Letter to Feargal Sharkey

Letter to Feargal Sharkey

12 February 2021

Feargal Sharkey

By email

Via Terry Macalister

Dear Feargal

Isn’t life the darndest?  If someone had said to me back in 1978, as a fifteen-year-old girl watching you perform Teenage Kicks on Top of the Pops, that I’d be writing to you 43 years later about chalk streams and chalk aquifers, I’d have said they were off their trolley!

But there we are, life offers up many twists and never quite turns out how you might expect.  And that is where I and the village on the outskirts of Cambridge where I live, find ourselves….in a position now where we are faced with the prospect of Cambridge’s wastewater treatment (sewage) plant being relocated to our doorstep, slap bang in the middle of our endangered Green Belt.

What, you are asking yourself, has this got to do with you?  Well, not only is the proposed location for Anglian Water’s (AW) Wastewater Treatment Plant relocation just a few hundred metres from my village boundary on Green Belt between the villages of Horningsea and Fen Ditton (NNE of Cambridge), at a site popularly known as Honey Hill.  It is also a piece of land which according to Defra’s Magic Maps, is a Principal Chalk Aquifer with high risk (red alert) to groundwater contamination. AW themselves admitted at a recent webinar that the aquifer is a mere 5 metres below the surface meaning that all of the associated structures that would normally be sunk below ground cannot be, leaving us with multiple 26-metre-high tanks to look at in what is an extremely flat, open and exposed landscape.  The visual impact of this is obvious but what is of more concern to me personally and I hope to you, is the very real and impending danger this siting poses to the aquifer if, as is highly likely over time either through degradation of the site or manmade accident, contaminant seeps down in to it.  I should also say at this point, that the proposed site is a stone’s throw from Quy Fen, a site of special scientific interest and the lay of the land is such that any said contamination that might occur would flow downhill towards Horningsea, Quy Fen and a number of local residents who still get their water from wells.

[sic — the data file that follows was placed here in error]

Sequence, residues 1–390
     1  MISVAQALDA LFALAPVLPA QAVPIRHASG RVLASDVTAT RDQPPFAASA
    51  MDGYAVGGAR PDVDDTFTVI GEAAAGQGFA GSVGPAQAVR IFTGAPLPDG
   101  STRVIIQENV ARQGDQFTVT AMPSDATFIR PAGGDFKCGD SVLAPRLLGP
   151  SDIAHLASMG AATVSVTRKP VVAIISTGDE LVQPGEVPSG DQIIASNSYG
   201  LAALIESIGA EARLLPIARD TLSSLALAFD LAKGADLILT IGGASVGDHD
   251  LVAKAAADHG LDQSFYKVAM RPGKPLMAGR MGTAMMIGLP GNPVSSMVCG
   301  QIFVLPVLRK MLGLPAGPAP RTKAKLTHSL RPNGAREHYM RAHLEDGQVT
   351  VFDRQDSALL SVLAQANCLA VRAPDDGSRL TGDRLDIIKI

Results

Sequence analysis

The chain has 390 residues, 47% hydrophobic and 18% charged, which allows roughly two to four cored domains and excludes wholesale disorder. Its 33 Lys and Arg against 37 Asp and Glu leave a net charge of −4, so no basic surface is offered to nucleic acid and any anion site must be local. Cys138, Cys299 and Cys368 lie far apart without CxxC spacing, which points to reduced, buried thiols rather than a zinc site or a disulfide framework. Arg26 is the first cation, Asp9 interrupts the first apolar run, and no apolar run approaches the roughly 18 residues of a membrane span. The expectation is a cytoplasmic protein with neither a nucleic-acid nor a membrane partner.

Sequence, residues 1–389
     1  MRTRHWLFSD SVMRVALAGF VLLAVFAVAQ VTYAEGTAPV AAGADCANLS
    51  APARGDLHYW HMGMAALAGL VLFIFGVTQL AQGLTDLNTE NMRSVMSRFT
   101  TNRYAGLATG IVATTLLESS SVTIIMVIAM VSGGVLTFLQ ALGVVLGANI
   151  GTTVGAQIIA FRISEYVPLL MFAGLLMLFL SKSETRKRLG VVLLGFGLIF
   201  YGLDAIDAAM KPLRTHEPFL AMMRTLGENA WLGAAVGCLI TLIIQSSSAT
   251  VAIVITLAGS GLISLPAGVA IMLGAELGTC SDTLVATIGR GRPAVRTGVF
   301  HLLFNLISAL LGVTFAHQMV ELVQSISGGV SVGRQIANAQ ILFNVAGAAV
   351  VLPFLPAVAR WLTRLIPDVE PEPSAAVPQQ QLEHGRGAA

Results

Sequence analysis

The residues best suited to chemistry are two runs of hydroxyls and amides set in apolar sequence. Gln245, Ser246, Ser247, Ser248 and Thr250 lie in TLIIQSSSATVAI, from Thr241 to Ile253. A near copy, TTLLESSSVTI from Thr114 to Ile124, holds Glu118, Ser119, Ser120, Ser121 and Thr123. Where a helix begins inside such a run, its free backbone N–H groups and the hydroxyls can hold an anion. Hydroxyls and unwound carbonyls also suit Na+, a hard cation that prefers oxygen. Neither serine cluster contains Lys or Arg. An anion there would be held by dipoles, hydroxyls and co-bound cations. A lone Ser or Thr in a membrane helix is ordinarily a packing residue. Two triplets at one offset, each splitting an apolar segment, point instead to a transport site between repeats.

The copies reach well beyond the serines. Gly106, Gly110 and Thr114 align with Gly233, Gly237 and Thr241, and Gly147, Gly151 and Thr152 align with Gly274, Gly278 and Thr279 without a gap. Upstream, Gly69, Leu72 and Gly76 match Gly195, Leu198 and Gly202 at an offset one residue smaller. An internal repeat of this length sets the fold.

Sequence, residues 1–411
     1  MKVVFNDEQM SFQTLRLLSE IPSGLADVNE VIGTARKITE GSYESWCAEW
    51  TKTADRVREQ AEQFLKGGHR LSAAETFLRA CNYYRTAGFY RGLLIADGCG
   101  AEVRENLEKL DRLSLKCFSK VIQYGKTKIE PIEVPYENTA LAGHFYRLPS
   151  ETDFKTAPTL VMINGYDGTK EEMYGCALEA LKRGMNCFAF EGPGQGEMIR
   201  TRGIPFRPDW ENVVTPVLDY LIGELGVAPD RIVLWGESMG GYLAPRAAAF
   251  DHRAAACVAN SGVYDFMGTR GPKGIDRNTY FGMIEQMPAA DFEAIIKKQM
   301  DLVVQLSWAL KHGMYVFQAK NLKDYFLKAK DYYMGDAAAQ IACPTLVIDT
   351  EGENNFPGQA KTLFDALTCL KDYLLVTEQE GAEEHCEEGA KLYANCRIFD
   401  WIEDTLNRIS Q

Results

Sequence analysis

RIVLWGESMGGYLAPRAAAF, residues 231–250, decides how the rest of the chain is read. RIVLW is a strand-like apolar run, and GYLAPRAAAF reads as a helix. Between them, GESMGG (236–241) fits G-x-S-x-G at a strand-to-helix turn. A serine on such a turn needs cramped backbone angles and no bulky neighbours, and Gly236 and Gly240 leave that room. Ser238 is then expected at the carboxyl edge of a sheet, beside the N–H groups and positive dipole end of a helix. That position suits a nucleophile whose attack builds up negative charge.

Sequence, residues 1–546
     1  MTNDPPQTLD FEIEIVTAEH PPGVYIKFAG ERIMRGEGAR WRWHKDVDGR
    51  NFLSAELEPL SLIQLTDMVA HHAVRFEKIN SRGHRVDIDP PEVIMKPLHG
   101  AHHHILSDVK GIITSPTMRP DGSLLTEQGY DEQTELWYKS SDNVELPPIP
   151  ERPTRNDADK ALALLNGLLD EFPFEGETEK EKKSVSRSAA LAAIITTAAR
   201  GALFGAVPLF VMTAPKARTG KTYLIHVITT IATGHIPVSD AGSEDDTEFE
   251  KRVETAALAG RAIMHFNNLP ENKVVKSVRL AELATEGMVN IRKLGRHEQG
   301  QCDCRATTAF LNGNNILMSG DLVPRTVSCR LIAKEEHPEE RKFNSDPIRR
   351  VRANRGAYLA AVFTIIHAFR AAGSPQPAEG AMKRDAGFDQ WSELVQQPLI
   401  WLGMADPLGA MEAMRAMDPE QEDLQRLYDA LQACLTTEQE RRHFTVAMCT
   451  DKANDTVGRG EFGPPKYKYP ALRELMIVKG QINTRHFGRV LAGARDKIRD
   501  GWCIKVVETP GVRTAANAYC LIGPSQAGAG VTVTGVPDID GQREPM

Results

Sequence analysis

Now I don’t need to tell you anything about chalk aquifers, streams and the River Cam – I attended your recent webinar and if it wasn’t so shocking and scary, I could say I enjoyed it immensely.  It was clear, concise, straight-talking and you certainly didn’t sugar coat the dire situation we find ourselves in here in our region with regard to our chalk streams and the Rivers Cam and Granta.  You know far more than I about these matters which I am hoping will lead you to the conclusion that you must in whatever way you can offer up some advice or comment that we can maybe use to our advantage here in our upcoming battle to stop this relocation.

Because a battle of huge proportions it will indeed be.  The momentum already behind this project feels slightly overwhelming as our campaign group (Save Honey Hill) grapples with the enormity of the task at hand.  At a meeting last night, we formally agreed that our focus must be to stop AW from relocating to Honey Hill whilst in parallel working to mitigate against it if we fail.  The driver for this relocation is the North East Cambridge Area Action Plan (NECAAP), a development being pushed forward by the City and County Councils to provide what they say is much needed housing and commercial/office space.  This development was conceived long before Covid and many people in Cambridge now believe this development along with many others which are being steamrollered through, should be paused and reassessed in light of the change to our working and living practices post-Covid.  There is a growing sense, thanks in no small part to your campaign I believe, that Cambridge cannot sustain the huge amount of development that is being thrust upon it; I learned last night that we already have to have water from the Midlands pumped in to keep up with current demand.

And so, to conclude, I am writing to you in the hope that you might feel able to get in touch in some way to offer your support to our campaign.  I don’t really know what else I can hope to ask of you but if there is anything you can offer that you think might be useful to our cause it would be an incredible boost to receive.

Yours sincerely

Catherine Morris

Horningsea Resident and Save Honey Hill Campaigner


Still awaiting a response.